Chloramphenicol was the first antibiotic to be used to treat typhoid in 1948, and it re-duced the mortality from 20% to less than 2%. Although resistance has developed, it is still a preferred drug in developing countries because it is inexpensive. Ampicillin and trimethoprim – sulfonamide have been used successfully to treat infections caused by chloramphenicol-resistant strains. Newer cephalosporins (ceftriaxone) and quinolones (ciprofloxacin, norfloxacin) are also effective. With proper antimicrobial therapy, patients feel better in 24 to 48 hours, their temperature returns to normal in 3 to 5 days, and they are generally well in 10 to 14 days.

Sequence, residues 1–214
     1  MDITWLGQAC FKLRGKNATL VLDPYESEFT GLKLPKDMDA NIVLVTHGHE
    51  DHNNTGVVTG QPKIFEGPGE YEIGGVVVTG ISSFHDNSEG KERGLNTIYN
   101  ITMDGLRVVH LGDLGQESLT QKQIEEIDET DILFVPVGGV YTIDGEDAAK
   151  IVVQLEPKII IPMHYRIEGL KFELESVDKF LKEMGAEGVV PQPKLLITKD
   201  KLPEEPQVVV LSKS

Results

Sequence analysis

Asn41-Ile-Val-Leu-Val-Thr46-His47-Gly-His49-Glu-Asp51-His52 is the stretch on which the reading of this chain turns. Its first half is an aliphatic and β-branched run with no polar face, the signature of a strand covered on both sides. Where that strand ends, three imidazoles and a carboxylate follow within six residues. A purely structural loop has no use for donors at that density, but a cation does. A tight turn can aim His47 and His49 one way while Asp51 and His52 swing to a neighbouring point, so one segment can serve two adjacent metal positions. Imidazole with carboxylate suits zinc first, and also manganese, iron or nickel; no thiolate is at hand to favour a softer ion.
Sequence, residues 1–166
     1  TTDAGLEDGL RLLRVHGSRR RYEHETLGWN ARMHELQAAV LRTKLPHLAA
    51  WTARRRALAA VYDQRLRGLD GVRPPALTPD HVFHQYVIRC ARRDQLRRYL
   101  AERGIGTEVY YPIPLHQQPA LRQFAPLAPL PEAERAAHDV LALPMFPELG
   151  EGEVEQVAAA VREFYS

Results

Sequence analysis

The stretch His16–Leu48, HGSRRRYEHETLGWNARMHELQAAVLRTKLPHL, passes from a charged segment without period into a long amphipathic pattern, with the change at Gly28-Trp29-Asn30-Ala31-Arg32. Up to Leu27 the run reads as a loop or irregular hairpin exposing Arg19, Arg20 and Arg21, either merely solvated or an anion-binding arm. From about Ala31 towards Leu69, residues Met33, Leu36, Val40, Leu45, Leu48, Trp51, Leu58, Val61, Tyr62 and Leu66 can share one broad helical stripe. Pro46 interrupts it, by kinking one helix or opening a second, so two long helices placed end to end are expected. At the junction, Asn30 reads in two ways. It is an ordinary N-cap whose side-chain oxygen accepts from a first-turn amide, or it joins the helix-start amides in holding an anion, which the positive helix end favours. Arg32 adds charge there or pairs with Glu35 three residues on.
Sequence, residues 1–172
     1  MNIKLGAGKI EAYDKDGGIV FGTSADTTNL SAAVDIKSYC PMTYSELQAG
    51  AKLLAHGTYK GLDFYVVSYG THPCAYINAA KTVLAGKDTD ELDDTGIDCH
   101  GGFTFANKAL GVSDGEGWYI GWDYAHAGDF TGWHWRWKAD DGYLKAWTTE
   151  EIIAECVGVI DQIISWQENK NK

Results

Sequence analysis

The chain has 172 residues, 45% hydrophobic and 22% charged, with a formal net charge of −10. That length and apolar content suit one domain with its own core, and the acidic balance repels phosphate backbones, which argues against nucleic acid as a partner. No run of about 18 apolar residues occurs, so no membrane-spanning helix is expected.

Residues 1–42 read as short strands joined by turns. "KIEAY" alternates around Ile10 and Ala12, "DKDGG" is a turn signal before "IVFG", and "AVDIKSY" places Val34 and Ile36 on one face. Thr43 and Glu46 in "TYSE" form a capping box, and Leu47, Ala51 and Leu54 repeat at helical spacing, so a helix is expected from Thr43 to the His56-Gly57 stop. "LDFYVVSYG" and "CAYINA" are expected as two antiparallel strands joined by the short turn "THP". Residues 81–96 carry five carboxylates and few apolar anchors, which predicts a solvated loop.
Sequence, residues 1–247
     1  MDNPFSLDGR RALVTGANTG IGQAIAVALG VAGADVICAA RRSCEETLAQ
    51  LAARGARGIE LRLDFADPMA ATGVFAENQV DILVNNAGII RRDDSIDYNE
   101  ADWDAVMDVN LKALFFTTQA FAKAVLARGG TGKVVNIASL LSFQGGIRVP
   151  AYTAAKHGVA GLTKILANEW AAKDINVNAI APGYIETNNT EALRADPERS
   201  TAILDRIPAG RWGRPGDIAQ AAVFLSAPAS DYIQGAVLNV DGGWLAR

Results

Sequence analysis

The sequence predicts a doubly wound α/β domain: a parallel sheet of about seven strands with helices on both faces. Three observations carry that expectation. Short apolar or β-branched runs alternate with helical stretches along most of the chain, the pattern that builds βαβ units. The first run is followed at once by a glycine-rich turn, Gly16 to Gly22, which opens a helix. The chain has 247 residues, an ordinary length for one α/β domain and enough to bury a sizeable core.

Typhoid vaccines have been available since before the turn of the century. An intramuscu-lar killed whole bacterial vaccine was widely used by the military and in travelers but gave poor protection against exposure to large doses of organisms. Recently, a live oral vaccine containing an attenuated Typhi strain has been licensed. Probably as effective as the injectable vaccine, it protects as many as 70% of children in endemic areas. No hu-man vaccine is available for the other Salmonella serotypes. When all is said and done, the provision of clean water supplies and the treatment of carriers will lead to the disap-pearance of typhoid. The importance of carriers and sanitation was emphasized by a 1973 typhoid outbreak among migrant workers in Florida. The source was traced to leakage of sewage into the water supply, failure of chlorination, and a chronic carrier.